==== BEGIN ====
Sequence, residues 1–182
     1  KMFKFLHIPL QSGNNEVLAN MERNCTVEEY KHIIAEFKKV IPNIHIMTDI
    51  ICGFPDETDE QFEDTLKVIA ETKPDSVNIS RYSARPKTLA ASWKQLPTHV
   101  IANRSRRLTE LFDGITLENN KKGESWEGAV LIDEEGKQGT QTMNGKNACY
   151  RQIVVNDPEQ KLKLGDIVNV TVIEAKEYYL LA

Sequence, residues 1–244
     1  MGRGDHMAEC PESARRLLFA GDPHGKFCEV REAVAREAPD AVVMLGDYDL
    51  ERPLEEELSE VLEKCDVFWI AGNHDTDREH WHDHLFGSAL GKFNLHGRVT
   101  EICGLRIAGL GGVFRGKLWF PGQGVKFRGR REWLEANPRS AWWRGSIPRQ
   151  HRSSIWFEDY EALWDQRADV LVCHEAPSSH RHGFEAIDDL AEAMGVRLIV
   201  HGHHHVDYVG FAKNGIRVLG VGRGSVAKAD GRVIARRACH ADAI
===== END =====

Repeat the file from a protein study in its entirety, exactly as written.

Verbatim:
Sequence, residues 1–182
     1  KMFKFLHIPL QSGNNEVLAN MERNCTVEEY KHIIAEFKKV IPNIHIMTDI
    51  ICGFPDETDE QFEDTLKVIA ETKPDSVNIS RYSARPKTLA ASWKQLPTHV
   101  IANRSRRLTE LFDGITLENN KKGESWEGAV LIDEEGKQGT QTMNGKNACY
   151  RQIVVNDPEQ KLKLGDIVNV TVIEAKEYYL LA

Sequence, residues 1–244
     1  MGRGDHMAEC PESARRLLFA GDPHGKFCEV REAVAREAPD AVVMLGDYDL
    51  ERPLEEELSE VLEKCDVFWI AGNHDTDREH WHDHLFGSAL GKFNLHGRVT
   101  EICGLRIAGL GGVFRGKLWF PGQGVKFRGR REWLEANPRS AWWRGSIPRQ
   151  HRSSIWFEDY EALWDQRADV LVCHEAPSSH RHGFEAIDDL AEAMGVRLIV
   201  HGHHHVDYVG FAKNGIRVLG VGRGSVAKAD GRVIARRACH ADAI